Readers who read the papers one after the other as opposed to picking them according to their interests will very soon notice that some aspects recur in almost every contribution. This concerns in particular the discussion of why the translation of humour in audiovisual texts is often challenging, which strategies are commonly employed to solve the problem in question (or not), how humour can be defined, etc. Mentioning all this just once in a separate paper and then using cross-referencing would have been a more reader-friendly option.

In terms of coherence, there is one paper that sticks out because it only mentions the central topic of this book in passing and focuses instead on a rather philosophical discussion of Greek drama, ABBA and The Beatles, and entirely lacks references (Cipolloni). The rest of the book fits together very well, both as regards its sections and the chapters these contain (although some papers would have fit better in a different section).

Most contributions are qualitative in nature, using a limited number of film scenes to show the translation strategies applied both in their studies and in the paper itself. A prominent exception to this is Di Pietro’s paper, which investigates all punchlines occurring in complex phrases in the first five seasons of How I Met Your Mother, thus adding a quantitative dimension. Bianchi’s paper then constitutes an excellent practical approach to solving translation issues. All in all, the individual papers offer substantial input for further research, both theoretically (humour, translation processes) and empirically (translation strategies).

In the foreword, Perego summarises the aims of the individual papers as an “attempt to analyze and to describe the strategies used to render specific aspects of [humour] in languages and cultures that are different from the languages and cultures in which the products in question had originally been conceived” (p. 10). Virtually without exception, the papers in this edited volume have achieved this goal.

In sum, the book Translating Humour in Audiovisual Texts is highly recommendable – given that the reader is a polyglot.


Antonini, R. and Chiaro, D. (2005) The Quality of Dubbed Television Programmes in Italy: the experimental design of an empirical study. In M. Bondi and N. Maxwell (Eds.), Cross-Cultural Encounters: Linguistic Perspectives (pp. 35-44). Roma: Officina Edizioni.

Attardo, S. (2002) Translation and Humour. An Approach Based on the General Theory of Verbal Humour (GTVTH). Translating Humour, Vandeale, J. (Ed.). Special Issue of The Translator, 8, 2, 173-194.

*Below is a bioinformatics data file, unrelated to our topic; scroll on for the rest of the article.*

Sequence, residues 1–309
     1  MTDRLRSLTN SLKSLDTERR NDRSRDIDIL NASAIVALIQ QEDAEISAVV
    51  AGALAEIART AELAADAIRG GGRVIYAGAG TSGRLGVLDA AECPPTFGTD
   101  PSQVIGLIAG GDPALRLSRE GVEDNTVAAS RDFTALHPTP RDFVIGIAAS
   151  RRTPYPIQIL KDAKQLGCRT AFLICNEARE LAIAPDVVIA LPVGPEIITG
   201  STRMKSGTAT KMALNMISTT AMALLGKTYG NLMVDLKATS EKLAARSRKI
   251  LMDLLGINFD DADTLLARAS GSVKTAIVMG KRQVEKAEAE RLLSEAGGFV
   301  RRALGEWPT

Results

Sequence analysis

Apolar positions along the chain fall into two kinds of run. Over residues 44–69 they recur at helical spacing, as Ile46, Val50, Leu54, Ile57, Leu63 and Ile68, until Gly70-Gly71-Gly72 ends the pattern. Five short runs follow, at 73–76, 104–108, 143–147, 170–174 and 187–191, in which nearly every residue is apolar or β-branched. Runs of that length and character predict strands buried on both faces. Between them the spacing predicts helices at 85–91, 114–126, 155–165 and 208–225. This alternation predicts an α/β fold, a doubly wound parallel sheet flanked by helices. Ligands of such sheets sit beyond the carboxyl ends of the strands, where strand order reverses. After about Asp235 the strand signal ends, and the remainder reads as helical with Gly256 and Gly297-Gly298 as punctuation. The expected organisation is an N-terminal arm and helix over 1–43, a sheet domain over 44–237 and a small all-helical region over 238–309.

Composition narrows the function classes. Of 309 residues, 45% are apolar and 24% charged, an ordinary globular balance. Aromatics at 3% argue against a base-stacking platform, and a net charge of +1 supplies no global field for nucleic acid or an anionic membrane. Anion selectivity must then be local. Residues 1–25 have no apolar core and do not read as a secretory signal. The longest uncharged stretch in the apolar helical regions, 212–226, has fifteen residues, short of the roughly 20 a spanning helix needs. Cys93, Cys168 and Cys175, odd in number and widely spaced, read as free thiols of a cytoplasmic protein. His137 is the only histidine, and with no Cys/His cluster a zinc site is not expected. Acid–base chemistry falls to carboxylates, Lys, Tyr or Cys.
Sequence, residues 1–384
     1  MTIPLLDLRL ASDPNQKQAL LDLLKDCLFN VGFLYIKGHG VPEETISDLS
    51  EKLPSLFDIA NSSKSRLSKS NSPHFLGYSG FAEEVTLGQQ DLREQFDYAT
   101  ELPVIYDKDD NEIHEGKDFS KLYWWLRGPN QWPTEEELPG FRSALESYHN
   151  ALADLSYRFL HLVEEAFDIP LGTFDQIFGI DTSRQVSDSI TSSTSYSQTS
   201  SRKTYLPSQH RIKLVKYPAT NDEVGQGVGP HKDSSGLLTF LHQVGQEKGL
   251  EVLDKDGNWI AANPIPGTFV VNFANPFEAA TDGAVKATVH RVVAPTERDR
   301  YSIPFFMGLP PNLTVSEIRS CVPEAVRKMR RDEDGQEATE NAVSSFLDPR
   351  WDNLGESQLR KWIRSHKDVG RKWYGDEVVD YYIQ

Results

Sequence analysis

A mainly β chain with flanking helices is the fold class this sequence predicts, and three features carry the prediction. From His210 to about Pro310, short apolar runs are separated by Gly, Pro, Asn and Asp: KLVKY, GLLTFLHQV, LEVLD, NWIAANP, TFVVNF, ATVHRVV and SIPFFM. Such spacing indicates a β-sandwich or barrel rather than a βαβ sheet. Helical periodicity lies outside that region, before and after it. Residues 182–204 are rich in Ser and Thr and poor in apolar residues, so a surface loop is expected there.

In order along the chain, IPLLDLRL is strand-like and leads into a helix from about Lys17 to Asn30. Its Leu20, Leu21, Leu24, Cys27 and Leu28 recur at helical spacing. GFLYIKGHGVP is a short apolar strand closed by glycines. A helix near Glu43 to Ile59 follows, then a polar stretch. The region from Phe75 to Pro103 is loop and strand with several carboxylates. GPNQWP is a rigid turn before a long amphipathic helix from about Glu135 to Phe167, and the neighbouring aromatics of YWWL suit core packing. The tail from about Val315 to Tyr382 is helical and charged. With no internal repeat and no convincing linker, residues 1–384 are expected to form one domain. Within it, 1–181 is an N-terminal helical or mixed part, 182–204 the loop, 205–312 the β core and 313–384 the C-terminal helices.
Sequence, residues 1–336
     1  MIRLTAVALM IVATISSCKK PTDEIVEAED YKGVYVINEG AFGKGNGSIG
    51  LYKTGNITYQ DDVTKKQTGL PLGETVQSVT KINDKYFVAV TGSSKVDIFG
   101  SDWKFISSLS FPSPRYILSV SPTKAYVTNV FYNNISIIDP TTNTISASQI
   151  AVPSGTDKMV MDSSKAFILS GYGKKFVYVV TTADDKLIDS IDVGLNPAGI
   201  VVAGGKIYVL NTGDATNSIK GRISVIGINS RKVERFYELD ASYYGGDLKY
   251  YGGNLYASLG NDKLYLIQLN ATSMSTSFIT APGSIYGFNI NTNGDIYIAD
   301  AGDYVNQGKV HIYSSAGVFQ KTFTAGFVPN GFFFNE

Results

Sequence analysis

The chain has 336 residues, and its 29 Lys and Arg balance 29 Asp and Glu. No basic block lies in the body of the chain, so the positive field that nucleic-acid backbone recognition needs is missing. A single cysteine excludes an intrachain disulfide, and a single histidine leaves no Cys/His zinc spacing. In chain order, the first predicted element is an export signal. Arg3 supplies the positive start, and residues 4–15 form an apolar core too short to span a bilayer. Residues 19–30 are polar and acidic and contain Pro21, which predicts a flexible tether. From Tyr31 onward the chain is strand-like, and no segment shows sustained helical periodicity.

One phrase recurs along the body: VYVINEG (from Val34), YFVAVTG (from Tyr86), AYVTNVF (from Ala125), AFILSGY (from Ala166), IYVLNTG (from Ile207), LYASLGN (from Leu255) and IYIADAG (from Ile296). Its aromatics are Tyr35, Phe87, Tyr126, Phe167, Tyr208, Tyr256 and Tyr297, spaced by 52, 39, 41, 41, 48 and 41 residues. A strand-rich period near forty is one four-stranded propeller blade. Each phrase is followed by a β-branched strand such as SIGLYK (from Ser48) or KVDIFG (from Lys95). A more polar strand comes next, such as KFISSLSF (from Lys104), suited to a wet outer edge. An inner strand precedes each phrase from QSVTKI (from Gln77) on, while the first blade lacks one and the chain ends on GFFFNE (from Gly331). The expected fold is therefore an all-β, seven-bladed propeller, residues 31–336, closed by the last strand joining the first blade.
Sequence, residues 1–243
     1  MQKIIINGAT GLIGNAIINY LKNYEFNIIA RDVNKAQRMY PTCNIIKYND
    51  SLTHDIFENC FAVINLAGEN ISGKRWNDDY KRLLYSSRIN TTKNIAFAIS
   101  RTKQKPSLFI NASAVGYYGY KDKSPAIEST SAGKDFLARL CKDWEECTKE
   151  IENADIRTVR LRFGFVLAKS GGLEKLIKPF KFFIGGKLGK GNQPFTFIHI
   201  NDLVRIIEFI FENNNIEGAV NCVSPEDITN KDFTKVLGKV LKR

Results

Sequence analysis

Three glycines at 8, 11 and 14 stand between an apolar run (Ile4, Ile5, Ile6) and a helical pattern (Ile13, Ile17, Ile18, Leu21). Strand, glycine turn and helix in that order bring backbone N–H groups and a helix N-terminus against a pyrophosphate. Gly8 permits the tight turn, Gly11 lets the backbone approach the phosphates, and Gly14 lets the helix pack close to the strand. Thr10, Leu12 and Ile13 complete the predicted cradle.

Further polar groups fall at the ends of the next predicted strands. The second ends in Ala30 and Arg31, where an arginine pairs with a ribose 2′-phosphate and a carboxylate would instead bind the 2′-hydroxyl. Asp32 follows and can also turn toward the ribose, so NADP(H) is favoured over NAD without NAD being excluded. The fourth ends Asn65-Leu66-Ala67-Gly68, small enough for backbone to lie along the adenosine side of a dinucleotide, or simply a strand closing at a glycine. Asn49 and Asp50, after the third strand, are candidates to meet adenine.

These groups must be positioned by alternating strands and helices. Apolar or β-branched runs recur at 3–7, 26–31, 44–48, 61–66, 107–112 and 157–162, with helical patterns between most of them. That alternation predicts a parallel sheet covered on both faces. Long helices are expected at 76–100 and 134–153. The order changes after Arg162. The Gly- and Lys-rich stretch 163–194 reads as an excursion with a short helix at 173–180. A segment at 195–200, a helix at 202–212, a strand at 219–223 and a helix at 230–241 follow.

Bergson, H. (1900) Le rire. Essai sur la signification du comique. Paris: Éditions Alcan.

Frawley, W. (1984) Translation: Literary, Linguistics and Philosophical Perspectives. Newark: University of Delaware Press.

Chiaro, D. (2004) Investigating the perception of translated Verbally Expressed Humour on Italian TV. ESP Across Cultures, 1, 35-52.

-- (2005) Verbally Expressed Humour and translation: an overview of a neglected field. Humor, International Journal of Humor Research (Special Issue: Humor and Translation), 18, 2, 135-145.

-- (2006) Verbally Expressed Humour on Screen: Reflections on Translation and Reception. JoSTrans, J. Díaz-Cintas, P. Orero and A. Ramael (Eds.), 6, 1 (July 2006), 198-208.

-- (2010a) Translation and Humour, Humour and Translation. In D. Chiaro (Ed.) Translation, Humour, Literature, vol. 1. London: Continuum International Publishing Group.

-- (2010b) Translating Humour in the Media. In D. Chiaro (Ed.) Translation, Humour, and The Media, vol. 2. London: Continuum International Publishing Group.

Romero Ramos, M. G. (2010) Un studio descriptivo sobre la traducción de la variación lingüística en el doblaje y la subtitulación: las traducciones de Il Postino. Tesis doctoral presentada en la Universitat Autònoma de Barcelona.

Ulrych, M. (2000) Locating Universal Feautres of Translation Behaviour through Multimedia Translation Studies. In R. M. Bollettieri Bosinelli, C. Heiss, M. Soffritti and S. Bernardini (Ed.), La traduzione multimediale: quale traduzione per quale testo? (pp. 407-429). Bologna: CLUEB.


Ulrike Stange holds an M.A. in English Linguistics and is a research assistant at the Department of English and Linguistics at Mainz University in Germany. Her research interests include emotive interjections (PhD thesis to be published soon), translation studies and dialectal variation in British English.

Page Updated: 31-Aug-2015